is usually too big here. You want your lure to have a natural presentation, not
to fall too fast.

"I use heavy duty bass rods and reels for striper fishing -- heavy action,
seven-foot rods and 12-14 pound green Stren. Line heavier than this will
create unnatural presentations, too," explains Goyne.

This lure striper guides sticks with 1/4- to 3/8-oz. lures depending on how
deep he needs to fish. He says beginners should stock a good bucktail in this
size range. His favorite has short hair and chartreuse, gray or blue feathers.
Goyne does not use a trailer. 3/8-oz. jig heads with a ZOOM Super Fluke or
Super Fluke Jr are also favorite lures for this Smith Mountain Lake guide.

Lake Gaston

On a lake best known for its bass, Dennis Gilmer just about has Lake
Gaston's striper population to himself. He uses artificial lures for his trips
when clients want to focus on stripers and says monitoring baitfish
movement is critical to success on his home lake.

"We don't really have a huge population of shad on Gaston, so we you have
to really stay on top of where the shad are if you want to catch stripers,"
notes Gilmer. A good depth finder with a minimum of 168 pixels is
mandatory, he says.

Current flow is also critical when chasing stripers on Gaston and other
lakes. As a general rule of thumb, when consistent current is present, the
fish tend to move into the upper portion of reservoirs. On Gaston this means
from Holly Grove Creek on up.

Gilmer notes stripers gang up at the mouths of the creeks when the water
is flowing strong out of Buggs Island. Good areas are around the bridges and
mouths of upper Gaston Creeks.

This guide's top choice for Gaston stripers is a 3/8- or 1/2-oz white
bucktail with a white fluke trailer. Fish up to 20 pounds are not uncommon on
Gaston, but most fish run between five and seven pounds. Gilmer says the
action usually begins in late February from the mouth of Smith Creek on up
to the Kerr Dam.

Maryland Reservoirs

Jerry Sauter is one of Maryland's most recognizable anglers. He's held just
about every fresh water record for game fish over the past 30 years and is
known for his acute knowledge of "the reservoirs". The 63-year-old angler
works part time at the Baltimore Bass Pro Shops and fishes on his days off.
Here's his advice to anglers wanting to start striper fishing in area
reservoirs like Liberty, Piney Run, Tridelphia and Rocky Gorge. Pay attention,
because when Sauter speaks he is like a library.

As far as his gear he uses a Shimano Charter Special for either live bait or
trolling. For trolling he uses 30-lb test line. He notes a plug knocker is very
important and the David Fritts version is Sauter's choice. The Baltimore-area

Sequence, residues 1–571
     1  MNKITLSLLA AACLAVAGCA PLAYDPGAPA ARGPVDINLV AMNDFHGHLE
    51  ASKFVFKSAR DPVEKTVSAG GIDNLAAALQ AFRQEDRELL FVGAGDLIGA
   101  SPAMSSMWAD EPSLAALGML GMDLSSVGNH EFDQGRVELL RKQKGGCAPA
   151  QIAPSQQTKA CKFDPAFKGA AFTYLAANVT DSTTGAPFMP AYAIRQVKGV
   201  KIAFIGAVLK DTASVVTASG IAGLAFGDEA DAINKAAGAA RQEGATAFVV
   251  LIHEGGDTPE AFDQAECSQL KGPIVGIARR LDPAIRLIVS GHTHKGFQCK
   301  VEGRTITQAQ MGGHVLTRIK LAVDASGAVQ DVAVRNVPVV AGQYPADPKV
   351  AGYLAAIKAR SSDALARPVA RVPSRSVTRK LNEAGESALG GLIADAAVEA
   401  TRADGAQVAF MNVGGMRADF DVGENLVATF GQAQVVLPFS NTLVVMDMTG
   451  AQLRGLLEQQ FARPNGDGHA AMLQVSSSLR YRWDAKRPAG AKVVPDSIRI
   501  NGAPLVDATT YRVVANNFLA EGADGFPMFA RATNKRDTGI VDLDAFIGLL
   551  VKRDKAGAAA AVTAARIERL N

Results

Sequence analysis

fishing expert prefers Penn Power Plus rods (6'6" heavy action) for trolling.
For casting lures like big Redfins, he uses a 6'10" medium heavy baitcasting
rod with a Lews reel and 20-lb. test maximum.

Sauter's live bait rigs are modified free lines. He employs a 2/0 Gamagatzu
Kahle style hook and light barrel weight if he needs to get the bait deep. He
will also use planer boards to get bait away from boat. Sauter prefers to fish
just two rods, but four is allowed. Baits should generally be 30 yards back
from the stern.

"One thing I also like to do is put one rod right behind the electric outboard
(10 yards) with bait on a float. I think the motor actually attracts the fish,"
reveals Sauter. Sauter uses Mann's Stretch 25 plugs when he trolls. "To get them to run true is tricky," he notes, "The Stretch 30's run straight right out of the box."

Silver and blue is a good stock color but Sauter has had friends airbrush
his top baits to look like rainbow trout. Store-bought shiners are fine for bait
days, says Sauter, as are live eels. Native baits are good, too, however you
must be a certified Maryland bait dealer to use them.
Beginners often are lost when it comes to finding where land-locked
stripers are in the reservoirs. Here's Sauter's advice:

"In Liberty you'll find the fish up past Nicodemous Bridge. Baitfish and the
spawning ritual drives this behavior. The spawn is over by the end of May and
they head back down lake."

In Piney Run, Sauter notes the lake is smaller and the fish don't congregate
in the upper end as tightly.

By the end of March, you'll find stripers in the upper portion of Tridelphia,
too. Sauter is frank when revealing one of the best spots: "The Patuxent
River is a stocked trout water for Maryland, and the stripers will run right up
into the first pool and feed heavily."

This pool is about five minutes north of the Sunshine ramp.
In Rocky Gorge, Sauter says the stripers are throughout the entire lake,
but the best bet for big rockfish over the next three months is to start
fishing above the Route 29 Bridge in March. There's an S-turn that warms up and attracts baitfish early that striper anglers will want to try, he explains.